Red Crescent provides relief to families fleeing Mosul

Iraqi Red Crescent Society volunteers provide psychosocial support to people who have fled Mosul and surrounding towns to the safety of a camp near Erbil. Photo:Safin Ahmed / Iraqi Red Crescent Society

Iraqi Red Crescent Society volunteers provide psychosocial support to people who have fled Mosul and surrounding towns to the safety of a camp near Erbil. Photo:Safin Ahmed / Iraqi Red Crescent Society

By Joe Cropp, IFRC in Erbil, Iraq

Families who have been able to flee Mosul and surrounding towns are starting to reach camps that have been established in beyond the reach of the fighting. Many arrive with only the clothes they are wearing, receiving much needed food and relief supplies from the Iraqi Red Crescent Society and other humanitarian agencies working in the camps.

Those who have made it to Khazer camp east of Mosul tell of walking through the night to reach safety. “We were so worried the children would cry out during the night and we would be discovered,” said a mother. One man explains how he waved his white singlet when he saw Kurdish military forces approaching.

There is a clear sense of relief among the latest arrivals as they collect basic supplies from Iraqi Red Crescent Society volunteers before making their way to one of the camp’s 6,000 tents. “We are so lucky to be finally in a safe place,” says Zenaba, as she settles into a tent with her husband and three small children. Other families from her small village near Mosul are nearby, having made the journey together.

Thousands more people are expected to arrive in the coming days and weeks as fighting around Mosul intensifies. Humanitarian agencies estimate that the fighting could displace more than one million people. This is on top of the 3.2 million already displaced by the conflict. Throughout the country, some 10 million Iraqis are in need of aid.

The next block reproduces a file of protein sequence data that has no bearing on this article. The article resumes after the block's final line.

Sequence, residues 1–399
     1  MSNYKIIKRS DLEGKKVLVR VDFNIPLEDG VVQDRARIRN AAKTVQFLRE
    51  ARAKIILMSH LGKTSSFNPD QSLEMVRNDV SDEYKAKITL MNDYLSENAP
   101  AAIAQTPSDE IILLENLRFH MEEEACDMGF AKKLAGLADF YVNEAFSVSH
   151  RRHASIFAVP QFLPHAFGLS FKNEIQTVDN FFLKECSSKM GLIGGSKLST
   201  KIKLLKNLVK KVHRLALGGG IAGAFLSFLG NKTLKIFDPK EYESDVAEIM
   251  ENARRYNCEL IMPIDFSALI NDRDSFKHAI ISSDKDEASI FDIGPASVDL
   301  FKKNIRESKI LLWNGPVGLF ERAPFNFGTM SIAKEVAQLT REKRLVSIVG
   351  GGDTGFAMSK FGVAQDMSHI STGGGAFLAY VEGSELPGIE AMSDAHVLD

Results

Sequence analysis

Gyula Kadar, operations manager for the IFRC in nearby Erbil, explains that provide shelter and emergency relief for those displaced over the past two years was already a challenge.

“Local communities across the country are sharing the responsibility, taking in millions of displaced people. But even with the greatest will in the world they cannot accommodate a million more,” explains Gyula.

To meet this imminent need, the International Red Cross and Red Crescent Movement has been working alongside other humanitarian agencies to prepare camps in strategic location around Mosul. Essential services including health care, water supplies and sanitation facilities are integrated into these tent cities.

Iraqi Red Crescent Society is an integral part of this operation, with more than 2,500 volunteers ready to provide food and relief supplies. Stocks of food and other essential items such as blankets, cooking sets, stoves and jerry cans that the Movement has positioned at key centres around the Mosul.

Rashawan Bayez, who is heading up the Iraqi Red Crescent Society team in the camp, says these local volunteers are central to the response. “They have been working here since before this crisis started and know these communities well. They are their neighbours, friends and families.” 

You can see this passion and understanding in Rashawan as he walks through the camp meeting those who have arrived over the past few days. He already knows them well, addressing many by name, asking how they are, and if they need anything. 

“Sometimes it is not enough, but we are giving everything we can,” he explains, before heading off to meet some Red Crescent trucks arriving with supplies of food.